Why Flutter Might Be the Best of Both Worlds

Article summary

A little more than a year ago, I started working on my first project with native mobile applications. It has been wonderful learning the intricacies of the iOS and Android platforms, but I’ve noticed how cumbersome it is for a team to maintain two versions of the same application.

It takes quite a bit of overhead to verify that the applications have feature parity, adequate test coverage, and any image/text changes (don’t even get me started on localizations). This overhead tends to slow down a development team, but the benefits of native performance surely make up for it in the end… right?

What Cross-Platform Lacks

If you don’t need native performance, you’re better off saving development time by choosing one of the available cross-platform frameworks like React NativeIonic, or Xamarin. Each of these frameworks has advantages and disadvantages, but they all consist of the same architecture: a shared layer of business logic with some type of abstraction for the UI layer that converts the template from the framework into the native UI elements.

The shared business logic is excellent, but I notice a lot of issues with the abstraction of the UI layer, especially after major updates to the operating system.

This begs the question: What if we didn’t have to worry about a UI abstraction? What if we could guarantee that our app would look the same across platforms and OS versions?

It is possible with the help of Google’s new cross-platform framework, Flutter.

What is Flutter?

Flutter is Google’s open-source, cross-platform framework for building mobile applications. Much like the other cross-platform frameworks I mentioned, Flutter provides a mechanism for a development team to maintain a single codebase while building two mobile applications (iOS and Android). Flutter isn’t just an SDK for iOS and Android development; it’s a portable UI toolkit that can be run in a variety of platforms.

It ships with the lightweight and wicked-fast Skia Graphics Library, which means it is responsible for rendering any and all pixels on the screen while your app is open. Flutter has no UI abstraction. It renders the entire UI layer and removes any limitations that the platform or OS version may have imposed on you.

Flutter is written with the Dart programming language, which was originally designed by Google as the next language for the web. Dart compiles to ARM and x86 code with the help of a JIT compiler and supports asynchronous programming. It is object-oriented, and the syntax is fairly straightforward, so anyone familiar enough with C# or Java should be able to learn it rather quickly.

So how does Flutter stack up to writing native applications or other cross-platform frameworks?

Flutter vs. Native

I already highlighted some of the pros/cons of writing native apps vs. using a cross-platform framework, but how is Flutter different?

The main appeal for writing native applications is performance. Native apps are faster than most cross-platform frameworks for two reasons. They don’t have to worry about a UI abstraction, and the business logic is optimized for the language of the platform.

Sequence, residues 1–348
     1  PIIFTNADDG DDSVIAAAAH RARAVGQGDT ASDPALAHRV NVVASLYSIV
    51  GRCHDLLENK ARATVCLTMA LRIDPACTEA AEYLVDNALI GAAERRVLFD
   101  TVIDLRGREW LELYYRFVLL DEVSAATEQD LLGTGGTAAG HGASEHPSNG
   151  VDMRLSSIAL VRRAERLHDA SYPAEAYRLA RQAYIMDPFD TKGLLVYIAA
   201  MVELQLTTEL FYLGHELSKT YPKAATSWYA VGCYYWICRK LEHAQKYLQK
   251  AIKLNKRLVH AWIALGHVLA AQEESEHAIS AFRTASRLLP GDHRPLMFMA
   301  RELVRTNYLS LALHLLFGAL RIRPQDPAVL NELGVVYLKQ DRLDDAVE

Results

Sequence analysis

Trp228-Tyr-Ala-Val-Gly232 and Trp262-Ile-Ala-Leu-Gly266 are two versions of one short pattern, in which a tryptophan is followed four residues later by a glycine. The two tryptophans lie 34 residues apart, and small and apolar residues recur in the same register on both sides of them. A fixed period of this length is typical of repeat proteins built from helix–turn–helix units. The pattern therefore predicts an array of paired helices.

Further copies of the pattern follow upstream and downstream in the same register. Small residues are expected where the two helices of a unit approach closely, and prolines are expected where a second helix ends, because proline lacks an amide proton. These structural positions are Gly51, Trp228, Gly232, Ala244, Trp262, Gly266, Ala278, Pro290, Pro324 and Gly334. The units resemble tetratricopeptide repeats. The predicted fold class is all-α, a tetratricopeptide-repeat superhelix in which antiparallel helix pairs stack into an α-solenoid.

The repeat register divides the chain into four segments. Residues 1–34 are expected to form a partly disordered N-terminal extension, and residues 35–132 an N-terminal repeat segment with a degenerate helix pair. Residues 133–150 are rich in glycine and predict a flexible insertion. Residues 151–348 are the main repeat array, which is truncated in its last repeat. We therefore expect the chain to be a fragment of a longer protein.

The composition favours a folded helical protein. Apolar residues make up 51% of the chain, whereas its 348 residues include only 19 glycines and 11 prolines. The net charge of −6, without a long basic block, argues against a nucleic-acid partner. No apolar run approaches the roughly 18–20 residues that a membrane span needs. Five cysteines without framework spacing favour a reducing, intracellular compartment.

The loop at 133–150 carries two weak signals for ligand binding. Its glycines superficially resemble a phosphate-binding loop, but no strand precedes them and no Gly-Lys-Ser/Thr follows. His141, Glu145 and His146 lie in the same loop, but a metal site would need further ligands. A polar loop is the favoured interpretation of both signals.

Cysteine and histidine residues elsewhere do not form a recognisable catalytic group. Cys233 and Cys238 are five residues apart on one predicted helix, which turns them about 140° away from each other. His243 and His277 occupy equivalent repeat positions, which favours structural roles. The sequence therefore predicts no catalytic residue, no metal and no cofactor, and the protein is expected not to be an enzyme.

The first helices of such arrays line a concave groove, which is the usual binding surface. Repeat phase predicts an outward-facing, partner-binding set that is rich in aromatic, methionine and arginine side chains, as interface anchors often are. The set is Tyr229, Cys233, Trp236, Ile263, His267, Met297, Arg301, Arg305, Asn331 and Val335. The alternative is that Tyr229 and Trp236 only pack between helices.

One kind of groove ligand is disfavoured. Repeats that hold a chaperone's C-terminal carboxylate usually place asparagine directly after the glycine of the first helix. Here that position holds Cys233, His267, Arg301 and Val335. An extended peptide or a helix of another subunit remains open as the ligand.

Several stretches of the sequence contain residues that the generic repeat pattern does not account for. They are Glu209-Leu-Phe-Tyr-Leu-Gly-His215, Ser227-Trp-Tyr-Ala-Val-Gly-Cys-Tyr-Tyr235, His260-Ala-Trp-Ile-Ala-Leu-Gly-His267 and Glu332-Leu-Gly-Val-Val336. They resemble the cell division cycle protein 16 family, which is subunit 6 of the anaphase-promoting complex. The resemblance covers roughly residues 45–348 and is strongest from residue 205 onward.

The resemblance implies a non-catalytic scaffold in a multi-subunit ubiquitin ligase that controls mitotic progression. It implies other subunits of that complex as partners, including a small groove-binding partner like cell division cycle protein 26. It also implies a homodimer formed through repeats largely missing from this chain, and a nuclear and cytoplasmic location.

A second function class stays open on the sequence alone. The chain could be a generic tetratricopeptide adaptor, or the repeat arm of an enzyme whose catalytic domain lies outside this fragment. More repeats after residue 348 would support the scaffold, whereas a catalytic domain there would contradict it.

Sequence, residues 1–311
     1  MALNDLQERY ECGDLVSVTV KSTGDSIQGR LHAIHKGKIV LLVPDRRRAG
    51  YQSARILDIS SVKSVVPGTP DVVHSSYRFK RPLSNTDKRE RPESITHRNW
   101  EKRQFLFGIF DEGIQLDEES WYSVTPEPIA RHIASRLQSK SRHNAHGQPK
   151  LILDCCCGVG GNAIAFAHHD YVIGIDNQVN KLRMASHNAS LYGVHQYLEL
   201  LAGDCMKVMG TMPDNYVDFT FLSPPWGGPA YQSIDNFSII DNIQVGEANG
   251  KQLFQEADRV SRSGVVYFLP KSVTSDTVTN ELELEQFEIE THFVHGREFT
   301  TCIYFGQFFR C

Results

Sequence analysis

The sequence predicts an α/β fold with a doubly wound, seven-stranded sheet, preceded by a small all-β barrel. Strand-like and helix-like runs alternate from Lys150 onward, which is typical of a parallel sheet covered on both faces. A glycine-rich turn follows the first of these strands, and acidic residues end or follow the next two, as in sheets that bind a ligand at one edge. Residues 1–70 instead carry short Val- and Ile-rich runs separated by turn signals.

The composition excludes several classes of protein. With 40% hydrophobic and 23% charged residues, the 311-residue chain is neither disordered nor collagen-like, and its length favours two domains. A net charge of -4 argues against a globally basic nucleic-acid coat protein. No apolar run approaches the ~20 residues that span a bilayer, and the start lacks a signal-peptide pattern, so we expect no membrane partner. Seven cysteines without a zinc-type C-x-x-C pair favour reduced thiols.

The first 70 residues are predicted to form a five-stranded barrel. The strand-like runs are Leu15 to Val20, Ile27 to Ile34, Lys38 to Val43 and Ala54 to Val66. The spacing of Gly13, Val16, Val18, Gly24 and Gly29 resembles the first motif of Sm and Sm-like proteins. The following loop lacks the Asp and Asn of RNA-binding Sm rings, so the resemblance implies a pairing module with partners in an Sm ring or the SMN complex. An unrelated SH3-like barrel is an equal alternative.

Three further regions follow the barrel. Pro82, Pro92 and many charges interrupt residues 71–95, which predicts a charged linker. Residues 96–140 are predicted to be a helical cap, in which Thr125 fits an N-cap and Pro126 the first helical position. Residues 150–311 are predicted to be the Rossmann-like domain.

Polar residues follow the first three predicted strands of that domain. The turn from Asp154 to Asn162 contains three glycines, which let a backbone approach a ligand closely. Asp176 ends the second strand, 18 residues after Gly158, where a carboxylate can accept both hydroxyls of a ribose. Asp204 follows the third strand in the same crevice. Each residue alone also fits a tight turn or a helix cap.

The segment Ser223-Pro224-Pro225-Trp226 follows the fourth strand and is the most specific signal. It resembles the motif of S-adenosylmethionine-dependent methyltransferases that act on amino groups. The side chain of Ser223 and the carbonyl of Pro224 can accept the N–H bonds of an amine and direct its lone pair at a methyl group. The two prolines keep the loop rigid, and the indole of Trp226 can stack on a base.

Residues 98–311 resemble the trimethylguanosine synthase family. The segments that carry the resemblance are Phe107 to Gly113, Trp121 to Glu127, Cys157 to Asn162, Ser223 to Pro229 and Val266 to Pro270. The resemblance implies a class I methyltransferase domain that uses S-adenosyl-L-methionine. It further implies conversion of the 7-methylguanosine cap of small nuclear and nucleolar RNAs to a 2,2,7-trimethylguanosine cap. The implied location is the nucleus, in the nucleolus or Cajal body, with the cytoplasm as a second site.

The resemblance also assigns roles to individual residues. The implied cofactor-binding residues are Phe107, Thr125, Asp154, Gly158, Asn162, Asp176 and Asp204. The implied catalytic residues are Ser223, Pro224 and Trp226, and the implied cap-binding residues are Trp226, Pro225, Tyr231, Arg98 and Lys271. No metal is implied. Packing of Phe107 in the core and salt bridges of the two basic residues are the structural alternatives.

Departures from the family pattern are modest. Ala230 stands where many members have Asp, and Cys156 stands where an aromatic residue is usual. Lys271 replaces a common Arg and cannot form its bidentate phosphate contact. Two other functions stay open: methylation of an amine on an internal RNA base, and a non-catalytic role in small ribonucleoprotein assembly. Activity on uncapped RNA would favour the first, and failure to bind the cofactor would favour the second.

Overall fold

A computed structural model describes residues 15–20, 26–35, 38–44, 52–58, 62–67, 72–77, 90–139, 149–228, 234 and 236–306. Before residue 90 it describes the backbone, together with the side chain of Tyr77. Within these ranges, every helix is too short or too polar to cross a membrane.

Flutter challenges this claim that cross-platform isn’t as fast as native by handling all of the rendering of the UI. As I mentioned previously, the Skia Graphics Library is fast. If your phone’s hardware supports rendering the screen at 60 frames per second, Flutter will render at 60 frames per second. Also, since Dart compiles to ARM and x86 code, it is surprisingly fast—not as fast as optimized native code, but fast enough to close a sizable gap compared to some of the other cross-platform options.

Flutter vs. Other Cross-Platform Frameworks

The main benefit of choosing a cross-platform framework over native applications is the amount of time spent developing and iterating on new features. Many of the tools and enhancements from web development have started to make their way to mobile through React Native and some of the other cross-platform frameworks. React Native has benefitted from React, while Xamarin has benefitted from the recent enhancements to ASP.Net Core MVC.

Flutter wasn’t designed as a framework specifically for mobile development. It’s Google’s portable UI toolkit that can be run on a variety of form factors. Because of this, it doesn’t have to worry about the constraints that are typically imposed by the mobile platform.

In addition to this, the Dart programming language allows for stateful, hot reloading as you make changes to the code. Android has this functionality if you’re making changes to the XML template for a fragment, but if any changes are necessary to rebuild the project, you will need to start from scratch. Since the UI of a Flutter app is entirely built with Dart, this stateful, hot reloading is always available as you make changes to any part of the Flutter app.

Should I Be Using Flutter?

Choosing the right technology for the job is difficult, and the addition of more options tends to make things more complex. There’s a form of analysis paralysis involved with the number of cross-platform options. I can’t say whether or not you should be using Flutter for your next mobile app, but I can at least motivate you to give it a try by checking out The Flutter “Getting Started” Guide.

I would love to hear your thoughts on Flutter and Dart! Do you think it has a chance to be the most popular cross-platform framework in the next few years?

Additional Resources